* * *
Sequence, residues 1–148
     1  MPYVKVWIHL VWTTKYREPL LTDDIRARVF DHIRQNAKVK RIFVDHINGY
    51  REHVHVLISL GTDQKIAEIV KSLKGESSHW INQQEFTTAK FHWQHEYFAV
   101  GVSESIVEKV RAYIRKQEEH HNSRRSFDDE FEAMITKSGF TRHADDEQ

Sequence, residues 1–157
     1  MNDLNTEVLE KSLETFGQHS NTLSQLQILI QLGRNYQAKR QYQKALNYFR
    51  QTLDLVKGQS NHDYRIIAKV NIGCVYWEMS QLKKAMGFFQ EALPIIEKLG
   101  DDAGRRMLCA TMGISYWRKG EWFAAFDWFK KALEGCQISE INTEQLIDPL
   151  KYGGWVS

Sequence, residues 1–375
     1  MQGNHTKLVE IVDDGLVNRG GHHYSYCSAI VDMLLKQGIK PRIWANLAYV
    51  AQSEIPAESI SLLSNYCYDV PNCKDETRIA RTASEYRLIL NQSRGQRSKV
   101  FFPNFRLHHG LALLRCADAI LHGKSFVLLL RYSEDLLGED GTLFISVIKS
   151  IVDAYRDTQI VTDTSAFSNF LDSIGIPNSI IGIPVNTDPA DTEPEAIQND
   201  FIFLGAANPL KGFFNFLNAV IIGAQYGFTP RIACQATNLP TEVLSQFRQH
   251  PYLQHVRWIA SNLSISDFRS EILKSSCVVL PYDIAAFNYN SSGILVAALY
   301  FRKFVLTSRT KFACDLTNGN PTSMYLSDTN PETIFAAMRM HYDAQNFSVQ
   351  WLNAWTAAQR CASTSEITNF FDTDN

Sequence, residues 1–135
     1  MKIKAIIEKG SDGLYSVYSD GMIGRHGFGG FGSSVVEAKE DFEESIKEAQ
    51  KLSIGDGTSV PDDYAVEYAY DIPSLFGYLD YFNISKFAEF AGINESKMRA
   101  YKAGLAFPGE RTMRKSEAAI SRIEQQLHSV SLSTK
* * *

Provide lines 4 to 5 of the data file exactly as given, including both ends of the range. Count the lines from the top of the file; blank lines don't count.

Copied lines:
   101  GVSESIVEKV RAYIRKQEEH HNSRRSFDDE FEAMITKSGF TRHADDEQ

Sequence, residues 1–157